Some of the most wonderful cars ever created
Towards the end of the 1920s MG Cars was in trouble. The economic climate was not good and sales of their cars were falling. A new and successful product was needed, and quickly!
Racing car, and sports car ownership were the provinces of the wealthy. The market was wide open for a cheap but reliable car which could bring the joys of sports motoring to the masses and in 1928 MG launched precisely that at the London motor show. The press loved it and predicted that it would make sports car history. They were right.
Cheap it certainly was. One way of cutting costs when building a new car is to reuse components from an existing one, and Cecil Kimber, the co-founder of MG, started with a Morris Minor chassis, lowered the suspension, and fitted a V shaped windshield. Perhaps economy was taken a little too far as far as the bodywork was concerned; the initial models had ash frames, under plywood sheeting which was covered with fabric! Happily by 1931 this was replaced by metal. Most of the cars were fitted with bodies manufactured by a company called Carbodies of Coventry although some were supplied as rolling chassis only, with the owner free to have an individually designed one fitted by a specialist coachbuilder.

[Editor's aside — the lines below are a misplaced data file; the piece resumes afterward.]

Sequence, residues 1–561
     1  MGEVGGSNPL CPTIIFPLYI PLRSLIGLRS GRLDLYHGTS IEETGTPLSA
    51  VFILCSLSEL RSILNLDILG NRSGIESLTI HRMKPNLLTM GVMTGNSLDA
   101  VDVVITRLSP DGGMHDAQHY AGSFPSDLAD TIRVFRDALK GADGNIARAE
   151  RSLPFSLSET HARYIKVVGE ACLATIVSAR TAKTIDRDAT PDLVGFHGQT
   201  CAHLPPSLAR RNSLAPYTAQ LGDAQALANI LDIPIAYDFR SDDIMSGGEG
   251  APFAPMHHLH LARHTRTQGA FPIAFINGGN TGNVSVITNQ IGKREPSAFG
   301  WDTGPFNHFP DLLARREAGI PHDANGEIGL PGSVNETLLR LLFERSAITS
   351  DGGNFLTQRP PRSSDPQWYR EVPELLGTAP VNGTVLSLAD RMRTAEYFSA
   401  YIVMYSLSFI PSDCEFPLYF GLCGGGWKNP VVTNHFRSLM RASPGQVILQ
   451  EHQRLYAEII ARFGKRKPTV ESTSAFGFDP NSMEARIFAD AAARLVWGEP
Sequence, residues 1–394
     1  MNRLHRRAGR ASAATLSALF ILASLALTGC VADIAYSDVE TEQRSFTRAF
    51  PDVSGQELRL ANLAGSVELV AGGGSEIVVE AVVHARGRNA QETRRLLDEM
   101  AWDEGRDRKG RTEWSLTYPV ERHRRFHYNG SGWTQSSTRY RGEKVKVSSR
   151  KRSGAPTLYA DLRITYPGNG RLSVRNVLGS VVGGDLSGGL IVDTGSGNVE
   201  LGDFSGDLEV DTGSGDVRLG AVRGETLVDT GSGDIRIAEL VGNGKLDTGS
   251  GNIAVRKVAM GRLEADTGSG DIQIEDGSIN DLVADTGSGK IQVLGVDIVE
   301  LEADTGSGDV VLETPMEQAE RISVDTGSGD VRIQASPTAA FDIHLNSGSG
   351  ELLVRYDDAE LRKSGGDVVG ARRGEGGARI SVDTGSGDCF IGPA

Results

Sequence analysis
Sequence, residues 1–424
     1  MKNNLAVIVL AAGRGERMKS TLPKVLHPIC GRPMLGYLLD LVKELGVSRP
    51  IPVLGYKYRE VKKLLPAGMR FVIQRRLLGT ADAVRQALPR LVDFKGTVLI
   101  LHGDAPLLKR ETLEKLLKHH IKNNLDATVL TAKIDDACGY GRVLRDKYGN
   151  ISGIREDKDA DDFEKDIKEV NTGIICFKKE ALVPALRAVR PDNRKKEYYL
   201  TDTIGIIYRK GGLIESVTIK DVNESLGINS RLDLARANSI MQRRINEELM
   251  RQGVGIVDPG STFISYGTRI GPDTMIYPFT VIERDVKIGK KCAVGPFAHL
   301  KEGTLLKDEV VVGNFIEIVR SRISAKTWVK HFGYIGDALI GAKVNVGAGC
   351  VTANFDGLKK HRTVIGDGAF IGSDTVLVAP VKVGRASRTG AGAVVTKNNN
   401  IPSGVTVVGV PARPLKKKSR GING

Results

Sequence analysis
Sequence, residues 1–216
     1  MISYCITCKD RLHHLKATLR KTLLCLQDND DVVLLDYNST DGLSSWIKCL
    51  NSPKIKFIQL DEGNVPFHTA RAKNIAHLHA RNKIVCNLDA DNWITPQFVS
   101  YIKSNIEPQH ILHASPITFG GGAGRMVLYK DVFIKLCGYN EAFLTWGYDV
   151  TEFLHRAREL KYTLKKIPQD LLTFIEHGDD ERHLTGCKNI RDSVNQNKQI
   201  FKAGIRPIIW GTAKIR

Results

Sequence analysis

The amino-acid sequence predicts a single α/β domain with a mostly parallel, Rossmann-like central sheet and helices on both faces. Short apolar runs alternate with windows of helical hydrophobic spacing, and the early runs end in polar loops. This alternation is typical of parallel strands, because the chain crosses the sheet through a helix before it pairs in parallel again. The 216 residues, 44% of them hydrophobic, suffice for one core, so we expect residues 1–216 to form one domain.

There was a folding fabric roof; two seats and two doors. Comfort and instrumentation were minimal but then the car was unashamedly built down to a price; and as marketing projects go this was very successful and the M type was on target to become Britain's fastest selling sports car.
By 1930 engine improvements had increased the power output to 27 brake horsepower and by 1932 a supercharged version, capable of 80 mph, was available.
The car was raced successfully by both the company's team and private owners, although an attempt at Le Mans in 1930 ended in failure since both the cars that were entered failed to finish. The success of this car however quite possibly saved MG from bankruptcy and it was so popular that even Edsel Ford, Henry Ford's son, bought one. Despite relatively modest performance it set the template for generations of sports cars to come.